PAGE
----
At the time of the conference, Friedman was looking “pretty hard” at two other companies, both founder-owned, full-service concepts geared toward family dining. But when Davis presented him with the opportunity to acquire Salsarita’s, Friedman shifted his focus.

    In Salsarita’s, a fast-casual, build-your-own burrito concept based in the Southeast, Friedman says he found his “prototype acquisition.” It’s a young company that was established in several markets but seemed to need the guidance of experience to reach its potential. Furthermore, the relatively young chain was still owned by its founder, Bruce Willette, a prerequisite for any company Friedman would consider acquiring.

    This stipulation also had to do with Friedman’s desire to be his own boss.

    “I like more of the raw concept that is ready to be managed than something that has been worked over,” Friedman says.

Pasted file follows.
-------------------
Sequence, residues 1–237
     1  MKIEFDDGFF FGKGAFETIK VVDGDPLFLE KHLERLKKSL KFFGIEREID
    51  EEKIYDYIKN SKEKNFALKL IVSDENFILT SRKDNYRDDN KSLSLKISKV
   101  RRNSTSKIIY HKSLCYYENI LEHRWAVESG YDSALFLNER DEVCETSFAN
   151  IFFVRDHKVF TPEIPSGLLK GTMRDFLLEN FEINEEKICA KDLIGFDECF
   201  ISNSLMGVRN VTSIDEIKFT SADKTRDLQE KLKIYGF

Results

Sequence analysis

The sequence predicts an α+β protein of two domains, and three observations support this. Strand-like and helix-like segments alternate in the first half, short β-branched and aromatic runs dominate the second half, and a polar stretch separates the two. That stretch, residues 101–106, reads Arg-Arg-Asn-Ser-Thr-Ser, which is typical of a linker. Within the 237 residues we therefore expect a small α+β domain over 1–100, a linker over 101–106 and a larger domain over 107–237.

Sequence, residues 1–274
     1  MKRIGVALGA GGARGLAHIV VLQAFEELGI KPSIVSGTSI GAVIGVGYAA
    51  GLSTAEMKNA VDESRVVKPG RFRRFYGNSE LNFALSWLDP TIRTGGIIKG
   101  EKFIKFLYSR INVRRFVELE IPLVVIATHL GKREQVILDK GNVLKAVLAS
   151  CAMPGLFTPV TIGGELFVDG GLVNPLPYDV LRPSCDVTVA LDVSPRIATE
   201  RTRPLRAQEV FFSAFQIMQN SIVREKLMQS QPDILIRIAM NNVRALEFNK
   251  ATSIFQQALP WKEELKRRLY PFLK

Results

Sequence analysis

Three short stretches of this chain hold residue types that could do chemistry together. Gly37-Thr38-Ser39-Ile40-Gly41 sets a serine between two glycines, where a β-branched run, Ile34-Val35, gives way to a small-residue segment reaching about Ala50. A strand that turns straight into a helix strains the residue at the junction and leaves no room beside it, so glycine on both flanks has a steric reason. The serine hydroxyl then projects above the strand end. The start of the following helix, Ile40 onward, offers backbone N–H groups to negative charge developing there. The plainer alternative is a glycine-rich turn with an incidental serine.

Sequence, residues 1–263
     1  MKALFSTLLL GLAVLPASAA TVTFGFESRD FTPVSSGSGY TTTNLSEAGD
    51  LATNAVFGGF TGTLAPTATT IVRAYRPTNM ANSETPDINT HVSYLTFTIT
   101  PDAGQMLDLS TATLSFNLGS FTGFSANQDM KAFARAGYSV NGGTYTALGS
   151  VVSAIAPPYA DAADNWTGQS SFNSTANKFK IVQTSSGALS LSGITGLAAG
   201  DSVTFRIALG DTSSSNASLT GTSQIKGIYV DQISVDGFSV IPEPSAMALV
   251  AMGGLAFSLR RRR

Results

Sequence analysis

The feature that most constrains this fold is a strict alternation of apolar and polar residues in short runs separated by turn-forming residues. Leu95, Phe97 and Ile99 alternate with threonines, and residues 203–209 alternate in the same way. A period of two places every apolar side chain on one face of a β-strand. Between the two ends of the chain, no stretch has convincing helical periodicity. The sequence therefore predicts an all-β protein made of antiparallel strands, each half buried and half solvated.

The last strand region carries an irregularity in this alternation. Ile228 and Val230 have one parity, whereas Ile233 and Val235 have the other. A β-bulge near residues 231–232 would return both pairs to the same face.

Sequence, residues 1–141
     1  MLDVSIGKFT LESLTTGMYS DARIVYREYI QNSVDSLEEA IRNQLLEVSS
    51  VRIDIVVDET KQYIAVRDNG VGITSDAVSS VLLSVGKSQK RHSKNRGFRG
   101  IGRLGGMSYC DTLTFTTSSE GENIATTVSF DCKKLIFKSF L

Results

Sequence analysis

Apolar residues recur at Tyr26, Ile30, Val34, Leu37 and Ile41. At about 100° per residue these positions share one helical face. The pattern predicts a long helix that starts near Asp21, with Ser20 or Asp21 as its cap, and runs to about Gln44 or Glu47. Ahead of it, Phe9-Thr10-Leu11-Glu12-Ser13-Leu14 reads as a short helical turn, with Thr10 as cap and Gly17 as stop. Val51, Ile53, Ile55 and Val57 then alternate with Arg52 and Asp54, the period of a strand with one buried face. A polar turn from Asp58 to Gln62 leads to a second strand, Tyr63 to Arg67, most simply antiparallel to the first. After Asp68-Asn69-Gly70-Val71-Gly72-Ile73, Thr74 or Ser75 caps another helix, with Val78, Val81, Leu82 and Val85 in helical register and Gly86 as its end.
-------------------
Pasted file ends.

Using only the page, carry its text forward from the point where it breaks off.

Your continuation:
Salsarita’s had hired Cypress Group to find a buyer, and in the first round of bidding, Friedman was disappointed to come up short. (A group including Real Mex Restaurants CEO David Goronkin and Fortress Investment Group’s Joel Holsinger had bid $6 million, according to Restaurant Finance Monitor.) He felt he had lost a brand that matched the skills he had honed for more than 30 years in the restaurant industry, a brand that in many ways resembled McAlister’s back in 1999, when he became chief executive.

    “I wanted to be the principal, a major investor, have it be my company that was the acquisition company, versus going to work for other people.”

    “At that time, [McAlister’s] had grown substantially, had franchised substantially, but the organization strains were getting to a point where the company could implode, because growth also requires a lot of work,” Friedman says.

    What was needed, Friedman says, was “organization development, structure, and leadership.”

    The same was true, in Friedman’s assessment, of Salsarita’s when he first made a bid for the company.